May people with repressed memories collect from the Roman Catholic Church on new claims of old sex abuse? A decision by the Missouri Supreme Court will have a significant financial impact on the church in Missouri and on those trying to win damages over allegations of misconduct by priests that may date back decades, reports the St. Louis Post-Dispatch. The case involves accusations that two faculty members at a St. Louis area school sexually abused a teenage student named Michael Powel in the early 1970s. Powel, now 47 and living in Florida, says he was abused from age 15 to 17.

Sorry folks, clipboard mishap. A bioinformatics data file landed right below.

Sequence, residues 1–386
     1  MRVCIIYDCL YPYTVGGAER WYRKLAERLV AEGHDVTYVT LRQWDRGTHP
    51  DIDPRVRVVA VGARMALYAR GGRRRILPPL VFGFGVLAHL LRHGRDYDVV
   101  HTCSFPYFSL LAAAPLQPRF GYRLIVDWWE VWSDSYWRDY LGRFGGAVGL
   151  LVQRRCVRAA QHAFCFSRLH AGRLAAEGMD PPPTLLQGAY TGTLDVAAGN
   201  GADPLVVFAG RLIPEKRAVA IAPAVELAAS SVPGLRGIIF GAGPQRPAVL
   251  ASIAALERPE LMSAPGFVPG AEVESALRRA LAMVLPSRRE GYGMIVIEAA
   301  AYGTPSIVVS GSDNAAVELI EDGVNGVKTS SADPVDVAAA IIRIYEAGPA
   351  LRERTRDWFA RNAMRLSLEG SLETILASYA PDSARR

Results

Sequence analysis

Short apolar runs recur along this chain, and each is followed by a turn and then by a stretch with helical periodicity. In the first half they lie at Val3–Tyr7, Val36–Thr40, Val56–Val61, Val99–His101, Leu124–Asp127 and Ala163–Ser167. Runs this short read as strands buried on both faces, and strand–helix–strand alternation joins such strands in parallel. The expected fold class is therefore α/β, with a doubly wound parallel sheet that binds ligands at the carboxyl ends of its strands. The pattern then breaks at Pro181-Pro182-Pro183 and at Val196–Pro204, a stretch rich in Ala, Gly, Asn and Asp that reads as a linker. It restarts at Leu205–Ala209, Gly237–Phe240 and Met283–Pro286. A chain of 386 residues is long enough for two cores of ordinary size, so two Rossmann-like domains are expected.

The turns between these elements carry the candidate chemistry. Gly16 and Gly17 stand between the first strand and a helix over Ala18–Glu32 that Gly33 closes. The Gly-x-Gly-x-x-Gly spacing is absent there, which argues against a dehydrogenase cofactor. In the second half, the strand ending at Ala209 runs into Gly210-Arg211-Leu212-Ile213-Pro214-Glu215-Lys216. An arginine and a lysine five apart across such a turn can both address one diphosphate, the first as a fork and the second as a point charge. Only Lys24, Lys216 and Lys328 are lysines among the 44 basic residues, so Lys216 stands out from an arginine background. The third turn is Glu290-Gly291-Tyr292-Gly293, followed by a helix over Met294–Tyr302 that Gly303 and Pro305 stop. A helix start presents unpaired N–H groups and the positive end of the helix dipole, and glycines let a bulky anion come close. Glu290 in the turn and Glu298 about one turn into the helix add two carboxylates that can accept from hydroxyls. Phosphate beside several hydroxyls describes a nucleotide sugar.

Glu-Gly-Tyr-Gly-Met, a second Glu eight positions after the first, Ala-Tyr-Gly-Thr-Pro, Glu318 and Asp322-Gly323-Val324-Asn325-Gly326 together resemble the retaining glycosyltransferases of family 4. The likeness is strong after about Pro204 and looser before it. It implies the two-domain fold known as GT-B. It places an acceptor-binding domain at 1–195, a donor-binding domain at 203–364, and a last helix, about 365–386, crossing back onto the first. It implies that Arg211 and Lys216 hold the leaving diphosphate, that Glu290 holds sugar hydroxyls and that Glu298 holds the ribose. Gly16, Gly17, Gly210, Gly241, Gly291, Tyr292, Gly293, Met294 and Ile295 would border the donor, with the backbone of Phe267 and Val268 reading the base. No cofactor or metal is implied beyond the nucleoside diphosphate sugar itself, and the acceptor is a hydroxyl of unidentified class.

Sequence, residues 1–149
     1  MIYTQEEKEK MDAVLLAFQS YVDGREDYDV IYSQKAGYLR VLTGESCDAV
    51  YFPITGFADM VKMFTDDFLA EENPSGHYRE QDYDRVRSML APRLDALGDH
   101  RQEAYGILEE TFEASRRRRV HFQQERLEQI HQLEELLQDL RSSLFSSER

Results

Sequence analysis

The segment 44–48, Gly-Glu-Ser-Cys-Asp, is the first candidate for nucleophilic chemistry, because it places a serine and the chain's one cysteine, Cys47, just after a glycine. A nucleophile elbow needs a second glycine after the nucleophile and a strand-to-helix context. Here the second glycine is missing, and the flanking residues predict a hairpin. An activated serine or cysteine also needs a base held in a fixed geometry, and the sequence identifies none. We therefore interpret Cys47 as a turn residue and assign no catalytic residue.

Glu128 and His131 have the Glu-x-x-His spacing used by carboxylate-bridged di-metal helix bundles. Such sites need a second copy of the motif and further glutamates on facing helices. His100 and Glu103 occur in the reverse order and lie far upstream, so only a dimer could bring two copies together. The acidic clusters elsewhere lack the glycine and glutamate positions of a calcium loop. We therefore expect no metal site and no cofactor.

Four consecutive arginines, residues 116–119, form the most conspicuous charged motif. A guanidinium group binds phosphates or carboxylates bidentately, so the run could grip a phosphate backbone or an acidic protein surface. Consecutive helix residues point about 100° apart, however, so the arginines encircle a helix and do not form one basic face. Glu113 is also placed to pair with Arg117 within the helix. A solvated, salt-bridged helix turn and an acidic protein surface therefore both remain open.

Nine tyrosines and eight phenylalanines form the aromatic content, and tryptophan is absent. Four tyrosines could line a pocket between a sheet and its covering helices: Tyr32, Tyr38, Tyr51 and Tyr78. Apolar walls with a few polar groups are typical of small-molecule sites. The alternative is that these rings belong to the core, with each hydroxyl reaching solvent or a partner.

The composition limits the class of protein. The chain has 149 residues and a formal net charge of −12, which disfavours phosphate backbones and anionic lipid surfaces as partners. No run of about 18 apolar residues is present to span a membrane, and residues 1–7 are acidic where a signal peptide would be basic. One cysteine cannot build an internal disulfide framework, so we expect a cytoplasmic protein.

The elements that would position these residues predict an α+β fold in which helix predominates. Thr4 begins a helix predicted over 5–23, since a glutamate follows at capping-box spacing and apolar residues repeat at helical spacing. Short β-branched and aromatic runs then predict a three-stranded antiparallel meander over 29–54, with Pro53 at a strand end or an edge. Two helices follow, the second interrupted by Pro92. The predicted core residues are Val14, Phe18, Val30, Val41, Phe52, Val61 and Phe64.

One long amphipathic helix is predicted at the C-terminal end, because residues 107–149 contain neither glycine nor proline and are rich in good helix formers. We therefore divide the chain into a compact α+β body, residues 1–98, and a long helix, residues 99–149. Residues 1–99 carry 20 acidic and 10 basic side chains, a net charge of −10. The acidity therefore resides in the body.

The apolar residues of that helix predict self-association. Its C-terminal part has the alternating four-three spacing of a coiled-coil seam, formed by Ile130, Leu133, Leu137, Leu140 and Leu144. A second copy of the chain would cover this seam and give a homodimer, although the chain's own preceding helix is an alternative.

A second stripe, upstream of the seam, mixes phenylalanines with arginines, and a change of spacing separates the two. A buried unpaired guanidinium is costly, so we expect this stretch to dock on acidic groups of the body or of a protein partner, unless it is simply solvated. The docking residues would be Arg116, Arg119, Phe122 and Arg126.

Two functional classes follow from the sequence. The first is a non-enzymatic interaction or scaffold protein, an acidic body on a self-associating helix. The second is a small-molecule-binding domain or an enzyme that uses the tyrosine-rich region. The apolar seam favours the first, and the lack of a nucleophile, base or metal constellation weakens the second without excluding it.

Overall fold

His attorney, Joseph Bauer Jr., told the Supreme Court yesterday that Powel knew the abuse had happened but repressed the memory at age 17 and did not recall the events until more than 20 years later. Bauer said Missouri’s statute of limitations should not start running until Powel remembered the alleged abuse and realized the adverse effects it had on his life. Gerard Noce, one of the school’s attorneys, countered that Powel would have been aware of the alleged abuse and the adverse effects it had on him and by law should have filed suit within five years of turning 21. “They’re trying to make this different than any other money damage lawsuit,” Noce said after the argument. Between 30 and 35 civil suits alleging sexual abuse have been settled by the Archdiocese of St. Louis in recent years.